I began this section with a preliminary exercise as a kind ice breaker in which I took photographs of people incognito and this really reaffirmed my discomfort of street photography which I think has become much harder to practise in our modern society that is now always under the gaze of CCTV and the world wide web online threats to identity theft that creates more of a guarded attitude from the public. This has been further born out by my experience trying to get permission from strangers to take photographs of them (Capturing Difference).
I have learned the meaning of the ‘other’ in terms of art and photographic practice. This meaning looks at both the ‘other’ as someone of my own social group as well as people from other groups that may be familiar or strange. The idea of the other is central to many socially concerned photographic projects and studies and I have looked at the works of other photographers such as Diane Arbus, Walker Evans, Humphrey Spender, Sophie Calle, Daniel Meadows, Tina Barney, Larry Sultan, who have explored ideas of the other in pursuit of their own social concerns. I have also read critical thoughts and essays around this subject as well. Susan Sontag, Allan Sekula, Gerry Badger, Mark Sealy are examples of the writers I have read and their critical analyses of the work and subject of ‘other’ in art, some of which questions the true motivations and ethics of photographing and publishing some of the now famous photographs as well as exploring the the idea of ‘other’ in a social context.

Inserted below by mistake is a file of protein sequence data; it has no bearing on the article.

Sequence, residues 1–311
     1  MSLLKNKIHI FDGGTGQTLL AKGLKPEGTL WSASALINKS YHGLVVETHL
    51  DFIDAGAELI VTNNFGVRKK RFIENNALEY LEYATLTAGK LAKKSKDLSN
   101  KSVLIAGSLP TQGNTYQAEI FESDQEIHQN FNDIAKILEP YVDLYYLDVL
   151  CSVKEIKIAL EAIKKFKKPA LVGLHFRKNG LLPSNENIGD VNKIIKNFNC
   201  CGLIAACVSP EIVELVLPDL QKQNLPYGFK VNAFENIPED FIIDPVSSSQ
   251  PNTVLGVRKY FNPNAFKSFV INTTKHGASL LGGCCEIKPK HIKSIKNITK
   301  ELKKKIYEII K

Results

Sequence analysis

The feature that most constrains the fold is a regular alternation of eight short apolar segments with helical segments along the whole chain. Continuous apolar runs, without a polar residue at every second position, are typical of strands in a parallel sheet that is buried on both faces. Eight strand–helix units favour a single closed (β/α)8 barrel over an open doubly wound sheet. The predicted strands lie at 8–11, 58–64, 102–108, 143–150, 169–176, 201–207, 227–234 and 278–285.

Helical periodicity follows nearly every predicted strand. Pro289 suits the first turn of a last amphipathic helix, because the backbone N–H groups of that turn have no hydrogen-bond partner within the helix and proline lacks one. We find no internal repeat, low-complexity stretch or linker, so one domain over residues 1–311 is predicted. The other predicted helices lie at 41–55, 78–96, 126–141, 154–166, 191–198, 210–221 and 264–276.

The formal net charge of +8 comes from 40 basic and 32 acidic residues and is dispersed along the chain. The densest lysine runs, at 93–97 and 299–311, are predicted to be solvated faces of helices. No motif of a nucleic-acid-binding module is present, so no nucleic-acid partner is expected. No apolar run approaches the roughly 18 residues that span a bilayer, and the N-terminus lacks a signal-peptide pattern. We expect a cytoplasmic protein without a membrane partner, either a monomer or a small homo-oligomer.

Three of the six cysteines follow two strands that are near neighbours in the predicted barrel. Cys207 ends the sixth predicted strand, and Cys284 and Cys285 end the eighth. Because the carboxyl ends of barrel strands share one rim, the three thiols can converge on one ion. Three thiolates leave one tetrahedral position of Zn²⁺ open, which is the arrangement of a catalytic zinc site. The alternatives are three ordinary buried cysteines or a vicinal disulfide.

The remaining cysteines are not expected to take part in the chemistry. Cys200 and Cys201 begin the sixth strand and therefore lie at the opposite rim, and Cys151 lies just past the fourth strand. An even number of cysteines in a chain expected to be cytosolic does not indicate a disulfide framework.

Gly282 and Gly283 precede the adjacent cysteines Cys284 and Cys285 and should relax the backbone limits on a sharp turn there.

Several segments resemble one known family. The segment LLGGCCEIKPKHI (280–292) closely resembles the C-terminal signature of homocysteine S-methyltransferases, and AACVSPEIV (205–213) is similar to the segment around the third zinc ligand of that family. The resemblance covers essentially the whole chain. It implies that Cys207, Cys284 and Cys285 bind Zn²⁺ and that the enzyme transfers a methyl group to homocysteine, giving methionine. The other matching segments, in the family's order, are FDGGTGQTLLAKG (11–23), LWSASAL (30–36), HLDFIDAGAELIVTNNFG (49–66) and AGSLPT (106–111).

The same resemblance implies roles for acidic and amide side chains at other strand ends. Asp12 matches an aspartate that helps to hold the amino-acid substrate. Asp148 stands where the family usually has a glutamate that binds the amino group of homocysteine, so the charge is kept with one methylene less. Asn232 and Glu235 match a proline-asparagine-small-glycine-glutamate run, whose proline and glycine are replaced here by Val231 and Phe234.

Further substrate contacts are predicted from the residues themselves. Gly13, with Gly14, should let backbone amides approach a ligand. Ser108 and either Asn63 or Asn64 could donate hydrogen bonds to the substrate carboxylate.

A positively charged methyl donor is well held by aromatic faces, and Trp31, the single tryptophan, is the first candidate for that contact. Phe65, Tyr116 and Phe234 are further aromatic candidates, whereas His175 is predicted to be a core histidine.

I have now created a model release form as part of my future professional and ethical practice.
I have also looked at the difference regarding the photographic practice and the resulting images from photographing inside a group to photographing from outside a group and the potential to add linking photographs from another source to create a narrative.
I have learned that a series of portrait photographs for a specific project requires a link or a common thread that contextualises them all together, such as locations that can be identified as a home, a place of conflict, or places that are in context with the theme of a body of work, such as a photo inside a working man’s club with a photo of working class terraced houses or miners walking to work, etc. I have also adopted certain practices of methodology practiced by artists such as Tina Barney and Larry Sultan such as using a tripod mounted camera and careful consideration to the mise-en-scene.
Philip-Lorca diCorcia, Natasha Caruana, Train Your Gaze, June Street, Richard Avedon, Reneke Dijkstra, Katy Grannan, August Sanders, Alec Soth, Joel Sternfield, Shizuka Yokomizo, Thomas Ruff, Larry Clark, Karen Knorr, Melanie Manchot, Sally Mann, Susan Mieselas, Zed Nelson, Martin Parr, Graham Smith, Notes from the Margin of Spoilt Identity – The Art of Diane Arbus By Gerry Badger (1988), Aspirations – Doncaster, The Quest for the Man on the White Donkey, Porträt 1986-1991, The ‘Other’ in the history of photography, Definition of ‘Other’, Spanish Market 2014, Reading Task – I.D. Photo., Reading Task – The photographic works of Diane Arbus – My thoughts, Reading Task – ‘The Body and the Archive’ by Alan Sekula
Tutor’s Report for assignment 1.
Books read and referred to/Bibliography:
Sontag, 1977; Bull, 2010; Taylor, 1994; Woodward, 2000.